History of Katong


From Wikipedia, the free encyclopedia

English Katong
Chinese 加东
(Pinyin Jiādōng)
Malay Katong
Tamil fill in

Katong is a residential area in the east of Singapore near the seafront. It is a suburb of great prestige and possesses special historical charm for its Asian heritage and seaside town charm. Formerly located by the sea, land was reclaimed all the way to East Coast Park to provide more land for housing and recreational purposes due to shortage of land in the late 1960s after Singapore gained independence.

Katong is also the location of many villas and mansions of the wealthy elite in the 19th to the mid 20th centuries, who made their fortunes in the Far East and built seaside resorts, villas and manors along the beachfront of Katong, beginning from Katong Park to the end of the East Coast.

Katong’s rich cultural mix has contributed to its unique cuisine. Katong is well known for its restaurants serving Peranakan (Straits Chinese) cuisine, particularly a spicy Malay noodle soup called Peranakan laksa. Because it was originally made in Katong, it has come to be known as the Katong laksa throughout the world in Hong Kong and New York.




Katong is the name of an exotic species of sea turtle now extinct. It also means the rippling effect of a sea mirage when looking at a shoreline. Tanjong Katong was a popular beach along the East Coast. Tanjong means peninsula or promontory in Malay. This coastal feature was located near the present Tanjong Katong Flyover across East Coast Parkway and had since disappeared due to land reclamation.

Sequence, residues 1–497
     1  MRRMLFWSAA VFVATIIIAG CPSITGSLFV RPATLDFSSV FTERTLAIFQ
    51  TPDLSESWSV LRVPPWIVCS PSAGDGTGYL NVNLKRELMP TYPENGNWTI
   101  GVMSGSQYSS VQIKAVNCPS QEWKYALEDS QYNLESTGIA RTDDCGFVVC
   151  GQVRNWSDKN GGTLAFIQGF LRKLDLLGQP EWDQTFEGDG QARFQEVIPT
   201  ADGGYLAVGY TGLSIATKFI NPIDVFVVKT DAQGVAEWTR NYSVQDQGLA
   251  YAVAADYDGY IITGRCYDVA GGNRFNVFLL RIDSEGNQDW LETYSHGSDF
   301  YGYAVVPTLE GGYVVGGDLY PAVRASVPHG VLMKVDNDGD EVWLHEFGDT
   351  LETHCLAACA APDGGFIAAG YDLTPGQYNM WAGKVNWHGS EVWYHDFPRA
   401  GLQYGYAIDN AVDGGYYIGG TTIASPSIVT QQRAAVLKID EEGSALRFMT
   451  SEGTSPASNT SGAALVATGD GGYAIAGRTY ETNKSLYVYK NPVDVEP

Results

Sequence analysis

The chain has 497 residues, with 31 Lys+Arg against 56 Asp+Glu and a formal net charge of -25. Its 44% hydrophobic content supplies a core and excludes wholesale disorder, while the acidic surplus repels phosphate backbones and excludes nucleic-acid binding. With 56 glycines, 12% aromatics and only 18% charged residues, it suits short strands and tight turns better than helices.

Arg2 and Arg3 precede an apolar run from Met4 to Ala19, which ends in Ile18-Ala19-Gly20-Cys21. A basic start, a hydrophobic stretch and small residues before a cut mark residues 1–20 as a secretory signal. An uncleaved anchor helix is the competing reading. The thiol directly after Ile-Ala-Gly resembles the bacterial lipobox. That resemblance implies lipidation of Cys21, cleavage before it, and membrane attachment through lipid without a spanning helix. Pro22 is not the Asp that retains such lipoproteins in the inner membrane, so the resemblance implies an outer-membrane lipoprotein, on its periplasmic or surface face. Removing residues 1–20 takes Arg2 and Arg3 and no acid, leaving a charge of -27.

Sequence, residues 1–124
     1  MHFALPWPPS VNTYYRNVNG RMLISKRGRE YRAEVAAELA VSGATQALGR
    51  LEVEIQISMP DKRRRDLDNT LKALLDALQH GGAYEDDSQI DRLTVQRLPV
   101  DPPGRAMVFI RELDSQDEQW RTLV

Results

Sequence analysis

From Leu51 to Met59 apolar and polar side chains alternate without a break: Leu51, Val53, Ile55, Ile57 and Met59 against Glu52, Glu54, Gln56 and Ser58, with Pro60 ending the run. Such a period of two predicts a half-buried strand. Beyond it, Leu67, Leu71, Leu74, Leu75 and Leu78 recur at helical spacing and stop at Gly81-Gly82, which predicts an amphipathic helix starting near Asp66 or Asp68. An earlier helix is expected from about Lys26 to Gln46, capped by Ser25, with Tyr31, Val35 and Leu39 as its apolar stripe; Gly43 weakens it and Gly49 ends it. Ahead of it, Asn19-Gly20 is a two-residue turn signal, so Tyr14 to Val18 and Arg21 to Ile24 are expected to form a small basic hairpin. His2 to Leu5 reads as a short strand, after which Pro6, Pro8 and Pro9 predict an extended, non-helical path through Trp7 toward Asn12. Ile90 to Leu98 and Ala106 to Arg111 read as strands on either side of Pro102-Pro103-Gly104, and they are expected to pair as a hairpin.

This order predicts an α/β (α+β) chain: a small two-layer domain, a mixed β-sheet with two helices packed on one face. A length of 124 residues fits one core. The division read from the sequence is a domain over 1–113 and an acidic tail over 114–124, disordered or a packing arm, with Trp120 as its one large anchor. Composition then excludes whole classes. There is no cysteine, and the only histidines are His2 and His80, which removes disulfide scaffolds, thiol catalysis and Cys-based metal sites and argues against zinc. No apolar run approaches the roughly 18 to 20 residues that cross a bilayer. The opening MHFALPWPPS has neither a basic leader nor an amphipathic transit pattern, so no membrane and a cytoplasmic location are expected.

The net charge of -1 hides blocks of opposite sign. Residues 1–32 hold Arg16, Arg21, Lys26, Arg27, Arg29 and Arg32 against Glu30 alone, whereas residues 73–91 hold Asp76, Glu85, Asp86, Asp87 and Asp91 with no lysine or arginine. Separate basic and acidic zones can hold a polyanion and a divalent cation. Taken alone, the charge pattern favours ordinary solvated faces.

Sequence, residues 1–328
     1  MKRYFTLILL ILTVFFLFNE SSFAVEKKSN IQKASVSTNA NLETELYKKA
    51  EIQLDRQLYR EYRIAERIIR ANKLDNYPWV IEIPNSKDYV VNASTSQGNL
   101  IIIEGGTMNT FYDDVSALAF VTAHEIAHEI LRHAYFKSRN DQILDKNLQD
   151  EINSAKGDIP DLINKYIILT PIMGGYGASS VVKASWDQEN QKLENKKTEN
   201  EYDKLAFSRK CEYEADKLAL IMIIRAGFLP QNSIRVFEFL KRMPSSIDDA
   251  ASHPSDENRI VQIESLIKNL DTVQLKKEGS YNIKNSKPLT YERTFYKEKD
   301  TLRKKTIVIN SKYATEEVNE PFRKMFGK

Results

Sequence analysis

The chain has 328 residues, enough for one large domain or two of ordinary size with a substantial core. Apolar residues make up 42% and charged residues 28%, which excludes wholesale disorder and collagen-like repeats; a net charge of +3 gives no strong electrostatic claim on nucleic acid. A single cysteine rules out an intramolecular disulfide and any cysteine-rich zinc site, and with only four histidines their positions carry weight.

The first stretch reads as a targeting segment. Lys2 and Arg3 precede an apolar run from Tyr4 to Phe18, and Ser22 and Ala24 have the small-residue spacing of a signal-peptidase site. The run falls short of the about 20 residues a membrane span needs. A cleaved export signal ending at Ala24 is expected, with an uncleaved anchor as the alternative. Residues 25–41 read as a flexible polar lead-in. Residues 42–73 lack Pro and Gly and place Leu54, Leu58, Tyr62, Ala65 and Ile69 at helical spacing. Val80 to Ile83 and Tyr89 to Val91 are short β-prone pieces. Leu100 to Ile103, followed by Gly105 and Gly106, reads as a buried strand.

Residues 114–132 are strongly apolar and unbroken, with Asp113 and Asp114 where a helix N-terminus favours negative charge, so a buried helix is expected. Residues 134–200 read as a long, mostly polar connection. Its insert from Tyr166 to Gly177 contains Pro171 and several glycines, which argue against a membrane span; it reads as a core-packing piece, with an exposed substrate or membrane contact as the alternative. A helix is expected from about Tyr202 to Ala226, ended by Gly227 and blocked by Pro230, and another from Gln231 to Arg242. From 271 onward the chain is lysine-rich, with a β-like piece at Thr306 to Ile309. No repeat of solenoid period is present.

Katong’s history has been rooted in prestige and wealth. Many wealthy English, Portuguese, Anglo-French and Chinese settlers bought parcels of land here beside the sea to cultivate plantations. They built business empires from trading in these early international commodities such as cotton, coconut and gambier.

The earliest cultivation took place in 1823, when Francis Bernard, son-in-law of Lieutenant Colonel William Farquhar, the first Resident of Singapore, started a coconut estate in the district.

Gradually, the crown of Singapore sold plots of land in the area stretching from Frankel Avenue, Siglap Road, to the Geylang River. From Geylang Road to the sea, land was granted to individuals in large parcels, ranging from 8 to 200 hectares. Pioneer estate owners included Thomas Dunman, Thomas Crane, Sir Jose d’Almeida, John Armstrong, Whampoa Hoo Ah Kay, Chew Joo Chiat and the Little family.

Most of the land was given over to coconut plantations because of the suitably sandy conditions, although cotton was also introduced in February 1836 . Unnfortunately, cotton planting was largely a failure and only coconut plantations remained.

In the first four decades of the twentieth century and especially after World War I, Katong developed from a weekend seaside retreat into a home for the wealthy, who built their main residence away from the hustle and bustle of town-life in the form of ornate and immense colonial seaside bungalows. Katong then took the form of a wealthy suburb. Large colonial, Chinese and Peranakan bungalows were built along Meyer Road, Mountbatten Road, East Coast Road (now divided into East Coast Road and Upper East Coast Road) while many upper-class family homes were built on increasingly expensive and smaller plots of land around Joo Chiat Road (formerly the family estate of Joo Chiat) and Tanjong Katong Road (which in English means “Road of the Turtle Mirage Promontory”).